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A quarter of adults do not want children, and they are no less happy than you - Walla! health


A new study has found that the proportion of non-parents is much higher than previously thought. What makes people choose not to have children and how does this affect their level of happiness and satisfaction in life?

  • health

  • parenthood

A quarter of adults do not want children, and they are no less happy than you

Kids is joy, isn't it?

Well, not everyone agrees.

A new study has found that 25 percent of adults do not want to have children, and this does not appear to harm their happiness levels.

Has parenting lost its charm?


  • parenthood

  • Children

  • psychology



Sunday, 20 June 2021, 00:02

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No one disputes that the craft of parenting is arduous labor, but it has also always been considered an inexhaustible source of satisfaction and happiness. But this concept is not suitable for everyone and it seems that in recent years it has been challenged by more and more people.

A new study from the University of Michigan delves deeply into the characteristics of satisfaction and happiness of adults who have decided they are not interested in having children. Researchers Jennifer Watling Neil and Zakari Neil, lecturers in the Department of Psychology at the University of Michigan wanted to find out what characterizes and differentiates these people from the rest of the population.

"Most studies have not asked the questions necessary to distinguish between people who have chosen not to have children, and people who have not become parents for other reasons," said Jennifer Watling Neil.

"People who have not become parents can also be 'people who have not yet become parents' and in the future would like to have children, and also the childless people who have not been able to have children due to fertility problems or other circumstances. Past studies have grouped all these people together "Al-Horim 'and compared them as one piece to the parents," she explained.

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Parents have not shown such a positive attitude towards those who voluntarily chose not to have children (Photo: ShutterStock)

The uniqueness of the new study, published this week in the journal PLOS ONE for Psychology, is that the researchers used three questions to isolate adults who did not make children by choice, and differentiate them from parents and those who did not become parents for other reasons. The researchers used data from a database of about 1,000 adults who responded to survey questionnaires the university conducts in favor of research and social policy design.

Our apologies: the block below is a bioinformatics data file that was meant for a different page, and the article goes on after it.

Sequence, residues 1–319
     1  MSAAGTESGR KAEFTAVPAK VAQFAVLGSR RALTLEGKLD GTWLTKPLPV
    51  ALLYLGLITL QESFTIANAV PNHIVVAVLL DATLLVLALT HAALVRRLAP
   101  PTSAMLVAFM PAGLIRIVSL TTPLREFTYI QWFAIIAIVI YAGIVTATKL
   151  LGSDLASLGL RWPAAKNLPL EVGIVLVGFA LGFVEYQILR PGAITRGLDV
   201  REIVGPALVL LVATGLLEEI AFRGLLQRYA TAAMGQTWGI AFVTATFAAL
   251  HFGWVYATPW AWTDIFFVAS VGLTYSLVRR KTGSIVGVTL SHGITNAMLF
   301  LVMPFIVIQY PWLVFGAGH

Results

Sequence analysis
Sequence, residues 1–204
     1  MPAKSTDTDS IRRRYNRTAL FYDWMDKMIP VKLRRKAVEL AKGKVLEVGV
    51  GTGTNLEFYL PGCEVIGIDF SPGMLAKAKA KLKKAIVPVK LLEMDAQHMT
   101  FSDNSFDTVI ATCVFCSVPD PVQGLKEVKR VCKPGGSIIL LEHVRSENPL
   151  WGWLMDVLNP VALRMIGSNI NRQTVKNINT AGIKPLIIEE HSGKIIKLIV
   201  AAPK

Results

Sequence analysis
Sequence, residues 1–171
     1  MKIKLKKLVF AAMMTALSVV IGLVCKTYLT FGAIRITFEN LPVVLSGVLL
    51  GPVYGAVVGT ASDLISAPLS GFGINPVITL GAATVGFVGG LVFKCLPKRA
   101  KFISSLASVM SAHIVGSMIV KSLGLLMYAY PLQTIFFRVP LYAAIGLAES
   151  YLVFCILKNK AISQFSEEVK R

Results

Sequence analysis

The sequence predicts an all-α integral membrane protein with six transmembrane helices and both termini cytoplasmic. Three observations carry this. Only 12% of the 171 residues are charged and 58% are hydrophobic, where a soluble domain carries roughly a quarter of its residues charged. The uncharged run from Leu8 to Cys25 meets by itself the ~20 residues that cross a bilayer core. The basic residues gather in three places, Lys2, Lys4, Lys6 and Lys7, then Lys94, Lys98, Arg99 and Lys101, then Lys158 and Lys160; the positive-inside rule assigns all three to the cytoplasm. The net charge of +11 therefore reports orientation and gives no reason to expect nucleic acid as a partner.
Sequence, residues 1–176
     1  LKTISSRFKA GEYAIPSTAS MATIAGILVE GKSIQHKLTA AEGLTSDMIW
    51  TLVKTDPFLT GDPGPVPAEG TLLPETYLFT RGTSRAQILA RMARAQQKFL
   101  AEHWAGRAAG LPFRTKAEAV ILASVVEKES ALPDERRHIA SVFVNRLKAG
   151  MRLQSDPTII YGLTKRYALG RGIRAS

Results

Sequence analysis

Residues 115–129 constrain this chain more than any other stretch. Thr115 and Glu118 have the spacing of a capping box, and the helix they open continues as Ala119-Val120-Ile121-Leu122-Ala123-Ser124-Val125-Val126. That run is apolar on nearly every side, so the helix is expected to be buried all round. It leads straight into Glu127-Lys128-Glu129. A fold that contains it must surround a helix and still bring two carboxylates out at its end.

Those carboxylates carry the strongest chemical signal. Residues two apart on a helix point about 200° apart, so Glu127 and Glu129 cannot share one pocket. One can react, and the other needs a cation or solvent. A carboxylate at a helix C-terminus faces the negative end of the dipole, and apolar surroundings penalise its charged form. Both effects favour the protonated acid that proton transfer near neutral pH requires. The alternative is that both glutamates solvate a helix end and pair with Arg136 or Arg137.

"After weighing demographic characteristics, we found that there was no difference in life satisfaction and only limited differences in character traits between adults who chose to have children and adults who voluntarily chose not to become parents, as well as compared to adults who had not yet become parents and childless adults," said researcher Zachary Neil. “We also found that people who chose not to be parents were more liberal in their views compared to parents’ and that adults who did not belong to the ‘God of choice parents’ group had not-so-positive feelings towards those who voluntarily chose not to have children.

People who chose not to become parents were more liberal.

Couple with baby (Photo: ShutterStock)

In addition to examining the degree of satisfaction and happiness and personality traits typical of people who chose not to be parents, the study also revealed unexpected findings.

"We were mostly surprised by the number of non-parents," said Jennifer Watling Neil.

"We found that more than 1 in 4 adults in Michigan defined themselves as non-parenting. This is a much higher rate than the estimated rate of non-parents from a selection of studies and surveys conducted so far, which were based on fertility to identify non-parents," she explained.

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"In past studies, non-parenting rates ranged from 2 to 9 percent of the adult population. We believe our research method provides an accurate and better way to identify the true rate of people who consciously choose not to become parents," the researcher added.

She says given the relatively large number of non-parent adults in Michigan, more attention should be paid to their unique needs.

The researchers added that their study examined the issue at only one point in time and, therefore, did not address questions such as when those same people decided they were not interested in children, for example.

They hope their research will help the general public understand at what stage in life people choose to be non-parents and what are the factors behind this decision.

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Source: walla

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